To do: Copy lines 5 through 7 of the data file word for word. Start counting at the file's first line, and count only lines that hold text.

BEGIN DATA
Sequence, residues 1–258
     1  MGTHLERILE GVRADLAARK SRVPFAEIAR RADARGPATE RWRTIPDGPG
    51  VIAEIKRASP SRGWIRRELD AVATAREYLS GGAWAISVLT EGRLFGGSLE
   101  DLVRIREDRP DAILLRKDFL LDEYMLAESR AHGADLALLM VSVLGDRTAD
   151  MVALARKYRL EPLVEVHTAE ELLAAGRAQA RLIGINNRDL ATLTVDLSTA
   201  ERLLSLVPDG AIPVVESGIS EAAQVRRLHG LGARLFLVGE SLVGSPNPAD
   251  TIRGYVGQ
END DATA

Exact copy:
   151  MVALARKYRL EPLVEVHTAE ELLAAGRAQA RLIGINNRDL ATLTVDLSTA
   201  ERLLSLVPDG AIPVVESGIS EAAQVRRLHG LGARLFLVGE SLVGSPNPAD
   251  TIRGYVGQ